Prakash A and Hellman J. (2010). Pattern Recognition Receptors and Factor B: “Complement”ary Pathways Converge. Journal of Leukocyte Biology, 88(4):605-7.

Shin H-S, Xu F, Bagchi A, Herrup E, Prakash A, Valentine C, Kulkarni H, Wilhelmsen K, Warren S, Hellman J. (2011). Bacterial Lipoprotein TLR2 Agonists Broadly Modulate Endothelial function and Coagulation Pathways In Vitro and In Vivo. Journal of Immunology, 186(2):1119-30.

Wilhelmsen K, Mesa KR, Prakash A, Xu F, Hellman J. (2011). Activation of endothelial TLR2 by bacterial lipoprotein upregulates proteins specific for the neutrophil response. Innate Immunity, Dec 20 [Epub ahead of print].
Journal Article
PDF Version

Prakash A, Mesa KR, Wilhelmsen K, Xu F, Dodd-o JM, Hellman J. (2012). Alveolar macrophages and TLR4 mediate lung ischemia reperfusion injury. Anesthesiology, 117(4):822-835.
Abstract
PDF Version

Breyer KEW, Ou J, Durack JC, Prakash A. (2012). Prolonged profound hypoxia and cardiac failure in a young female presenting to the emergency department: unexpected pulmonary embolus, catheter-directed thrombolysis, and subsequent multi-organ failure. ICU Director, 3(5):215-219.
Journal Article
PDF Version

Zhang N, Francis KP, Prakash A, Ansaldi D. (2013). Enhanced detection of myeloperoxidase activity in deep tissues through luminescent excitation of near-infrared nanoparticles. Nature Medicine, 19(4):500-5.
Abstract
PDF Version

Wilhelmsen K, Xu F, Farrar K, Tran A, Khakpour S, Sundar S, Prakash A, Wang J, Gray NS and Hellman J. Extracellular Signal-Regulated Kinase 5 Promotes Acute Cellular and Systemic Inflammation. Science Signaling 2015, Aug 25; vol.8 (391): pp. ra86.
PDF Version

Kangelaris KN, Prakash A, Liu KD, Aouizerat B, Woodruff PG, Erle DJ,Rogers A, Seeley EJ, Chu J, Liu T, Osterberg-Deiss T, Zhuo H, Matthay MA, Calfee CS. Increased expression of neutrophil-related genes in patients with early sepsis-induced ARDS. Am J Physiol Lung Cell Mol Physiol. 2015 Jun 1; 308(11):L1102-13. PMID: 25795726. PMCID: PMC4451399

Prakash A, Sundar SV, Zhu YG, Tran A, Lee JW, Lowell C, Hellman J. Lung Ischemia-Reperfusion is a Sterile Inflammatory Process Influenced by Commensal Microbiota in Mice. Shock. 2015 Sep; 44(3):272-9. PMID: 26196836. PMCID: PMC4537678
PDF Version

Tian X, Sun H, Casbon AJ, Lim E, Francis KP, Hellman J, Prakash A. NLRP3 Inflammasome Mediates Dormant Neutrophil Recruitment following Sterile Lung Injury and Protects against Subsequent Bacterial Pneumonia in Mice. Front Immunol. 2017; 8:1337. PMID: 29163464.
PDF Version

Lawton SK, Xu F, Tran A, Wong E, Prakash A, Schumacher M, Hellman J, Wilhelmsen K. N-Arachidonoyl Dopamine Modulates Acute Systemic Inflammation via Nonhematopoietic TRPV1. J Immunol. 2017 Aug 15; 199(4):1465-1475. PMID: 28701511. PMCID: PMC5544930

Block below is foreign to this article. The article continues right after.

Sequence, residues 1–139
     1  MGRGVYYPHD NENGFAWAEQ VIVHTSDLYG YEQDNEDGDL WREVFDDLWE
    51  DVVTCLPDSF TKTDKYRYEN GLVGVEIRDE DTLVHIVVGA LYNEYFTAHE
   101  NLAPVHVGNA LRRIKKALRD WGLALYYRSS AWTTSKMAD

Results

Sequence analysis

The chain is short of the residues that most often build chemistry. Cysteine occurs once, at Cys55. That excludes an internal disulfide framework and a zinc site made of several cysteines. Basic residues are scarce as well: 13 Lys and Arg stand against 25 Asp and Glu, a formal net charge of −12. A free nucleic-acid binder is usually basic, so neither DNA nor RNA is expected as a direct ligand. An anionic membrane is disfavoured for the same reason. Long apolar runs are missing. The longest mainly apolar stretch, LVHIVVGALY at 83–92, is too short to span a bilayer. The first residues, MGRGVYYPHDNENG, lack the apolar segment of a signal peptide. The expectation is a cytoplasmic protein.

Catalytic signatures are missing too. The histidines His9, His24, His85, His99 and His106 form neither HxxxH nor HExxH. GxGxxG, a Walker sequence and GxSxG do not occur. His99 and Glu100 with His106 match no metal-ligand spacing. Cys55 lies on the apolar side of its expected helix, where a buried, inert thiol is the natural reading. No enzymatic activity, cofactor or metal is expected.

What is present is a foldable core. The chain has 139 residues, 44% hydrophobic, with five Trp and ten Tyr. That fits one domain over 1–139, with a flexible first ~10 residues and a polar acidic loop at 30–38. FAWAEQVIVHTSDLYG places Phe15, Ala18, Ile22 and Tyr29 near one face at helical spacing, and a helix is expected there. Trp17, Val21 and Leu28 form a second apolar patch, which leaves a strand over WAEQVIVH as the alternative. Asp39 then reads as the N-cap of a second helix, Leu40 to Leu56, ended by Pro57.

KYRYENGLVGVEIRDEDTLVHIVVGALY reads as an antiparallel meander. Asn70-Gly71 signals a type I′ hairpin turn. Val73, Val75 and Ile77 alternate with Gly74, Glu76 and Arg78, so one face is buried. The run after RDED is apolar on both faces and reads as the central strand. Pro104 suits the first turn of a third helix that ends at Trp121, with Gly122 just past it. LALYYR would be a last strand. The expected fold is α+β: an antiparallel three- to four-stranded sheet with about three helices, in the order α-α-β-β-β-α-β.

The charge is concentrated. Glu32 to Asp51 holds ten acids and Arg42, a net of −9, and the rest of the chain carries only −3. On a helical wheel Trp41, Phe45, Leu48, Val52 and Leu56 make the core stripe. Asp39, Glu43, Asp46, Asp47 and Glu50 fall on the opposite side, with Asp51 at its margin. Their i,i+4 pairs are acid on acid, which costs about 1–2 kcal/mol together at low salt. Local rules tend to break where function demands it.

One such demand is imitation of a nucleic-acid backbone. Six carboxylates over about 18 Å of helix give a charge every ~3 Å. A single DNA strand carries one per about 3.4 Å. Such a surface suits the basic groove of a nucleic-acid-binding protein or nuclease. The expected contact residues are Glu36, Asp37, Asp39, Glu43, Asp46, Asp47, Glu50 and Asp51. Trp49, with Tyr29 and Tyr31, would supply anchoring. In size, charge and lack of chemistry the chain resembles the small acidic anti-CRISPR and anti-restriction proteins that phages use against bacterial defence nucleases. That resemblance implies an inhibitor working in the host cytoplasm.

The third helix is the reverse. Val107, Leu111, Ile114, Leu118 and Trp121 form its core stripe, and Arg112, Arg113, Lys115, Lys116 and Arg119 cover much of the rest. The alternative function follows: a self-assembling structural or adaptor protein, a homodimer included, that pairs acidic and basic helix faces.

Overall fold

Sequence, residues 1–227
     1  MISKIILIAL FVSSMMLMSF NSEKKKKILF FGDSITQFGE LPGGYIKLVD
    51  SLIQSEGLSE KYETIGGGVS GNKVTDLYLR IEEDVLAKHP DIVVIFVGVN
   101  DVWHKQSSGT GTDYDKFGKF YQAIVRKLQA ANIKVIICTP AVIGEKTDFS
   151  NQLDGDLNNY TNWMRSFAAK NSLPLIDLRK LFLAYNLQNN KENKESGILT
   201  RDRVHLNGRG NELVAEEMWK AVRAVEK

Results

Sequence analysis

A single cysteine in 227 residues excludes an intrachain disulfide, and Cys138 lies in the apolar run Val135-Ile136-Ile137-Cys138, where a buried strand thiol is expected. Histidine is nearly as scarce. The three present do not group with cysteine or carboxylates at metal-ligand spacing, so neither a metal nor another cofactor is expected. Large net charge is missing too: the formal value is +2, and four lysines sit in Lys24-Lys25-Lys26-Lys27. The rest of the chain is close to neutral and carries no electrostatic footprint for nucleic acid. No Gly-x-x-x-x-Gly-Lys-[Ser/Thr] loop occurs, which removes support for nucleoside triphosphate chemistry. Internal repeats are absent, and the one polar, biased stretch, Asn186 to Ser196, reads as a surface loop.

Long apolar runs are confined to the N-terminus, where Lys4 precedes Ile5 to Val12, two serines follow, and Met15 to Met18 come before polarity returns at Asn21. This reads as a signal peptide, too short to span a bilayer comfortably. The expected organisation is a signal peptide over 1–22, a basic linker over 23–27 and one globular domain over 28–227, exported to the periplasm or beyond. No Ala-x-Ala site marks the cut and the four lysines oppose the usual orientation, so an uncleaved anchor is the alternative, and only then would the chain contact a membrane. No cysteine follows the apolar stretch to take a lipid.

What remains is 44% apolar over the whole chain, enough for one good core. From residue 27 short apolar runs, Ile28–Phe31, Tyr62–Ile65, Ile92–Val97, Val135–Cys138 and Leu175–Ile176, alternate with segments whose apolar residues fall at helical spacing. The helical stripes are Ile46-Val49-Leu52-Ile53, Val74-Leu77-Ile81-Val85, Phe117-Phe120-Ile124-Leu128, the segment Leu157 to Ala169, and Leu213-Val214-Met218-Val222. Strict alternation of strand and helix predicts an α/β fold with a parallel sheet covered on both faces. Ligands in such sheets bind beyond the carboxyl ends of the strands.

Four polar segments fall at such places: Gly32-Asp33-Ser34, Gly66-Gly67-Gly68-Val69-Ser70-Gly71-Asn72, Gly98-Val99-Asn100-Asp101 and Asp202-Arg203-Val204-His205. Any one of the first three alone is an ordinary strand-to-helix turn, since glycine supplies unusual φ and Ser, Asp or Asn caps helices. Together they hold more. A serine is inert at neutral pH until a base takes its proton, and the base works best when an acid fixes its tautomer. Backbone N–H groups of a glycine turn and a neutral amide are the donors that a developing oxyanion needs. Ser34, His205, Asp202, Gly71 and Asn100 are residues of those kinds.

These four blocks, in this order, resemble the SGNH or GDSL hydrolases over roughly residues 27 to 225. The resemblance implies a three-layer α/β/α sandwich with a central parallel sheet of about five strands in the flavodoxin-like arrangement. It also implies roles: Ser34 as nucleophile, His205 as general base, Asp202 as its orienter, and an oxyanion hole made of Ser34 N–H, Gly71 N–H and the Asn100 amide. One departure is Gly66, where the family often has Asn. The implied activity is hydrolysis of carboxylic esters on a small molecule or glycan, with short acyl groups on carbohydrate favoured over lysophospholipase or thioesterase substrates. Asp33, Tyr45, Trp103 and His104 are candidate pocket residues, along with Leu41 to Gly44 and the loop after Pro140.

PubMed

 

 

 

 

 

 

 

 

 

 

 

People

Arun Prakash, M.D., Ph.D.
Arun Prakash completed his undergraduate training at the University of Rochester where he studied Chemistry and History and worked in the laboratory of Professor Joseph Dinnocenzo in the Chemistry Department at UofR.
He completed his MD and PhD degrees at New York University, where he completed his doctoral dissertation in the laboratory of Professor David E. Levy.
He then completed his medical internship at Santa Clara Valley Medical Center in San Jose, CA before starting his Anesthesiology training at UCSF.
He was appointed a Clinical Instructor after completing his residency training in 2009 and in 2011 was appointed Assistant Professor in Residence.

Xiaoli Tian, Ph.D.
Lab Manager/Post-doc
2014-

Qing Liu
(Graduate Student)

Daisuke Maruyama
(Visiting Researcher)

The Hellman Lab
We work very closely with members in the Hellman Lab and share space and equipment with them.

Other Labs and Groups that we work closely with at UCSF:

 

    

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Alumni

Past Members

2018

Zinnia Finn (high school student)
Molly Carleton (undergrad)
Michelle Ullman (undergrad) 

2017

Molly Carleton (undergrad)
Calvin Chan (undergrad).

2011-2012

Adam Ferris
SRA 1
Current Position: SRA 2 (UCSF Dept. of Neurology)

 

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Shirin V. Sundar, Ph.D
Associate Specialist (2012-2014)
Currently at: Otsuka America Pharamceuticals, Inc

 

 

 

 

 

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Brendon Owczarek
High school summer intern, 2015

 

 

 

 

 

Sun He, M.D.
Visiting Scholar
2015-2016

 

 

 

 

 

 

Contact

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Arun Prakash
[email protected] 
University of California, San Francisco
Department of Anesthesia and Perioperative Care
Zuckerberg San Francisco General Hospital
1001 Potrero Ave. Building 5, Room 3C38
San Francisco, CA 94110
FAX (415)-206-6014 Direct (415) 206-8969
BOX: 1371
If you are interested in applying for a position please send me an email with your CV.  Thank you.

Contribute

Our research seeks to understand the pathophysiology of lung injury in trauma patients. Our goal is to develop strategies and therapies that can help improve the outcome of severely injured trauma patients.

If you would like to help support this research program, the link to the UCSF donate page and paypal that will help fund the experiments we do is below:

(please designate that you would like your contribution to support 'the Prakash Lab' under <choose a designation> and <other>)

Support UCSF Research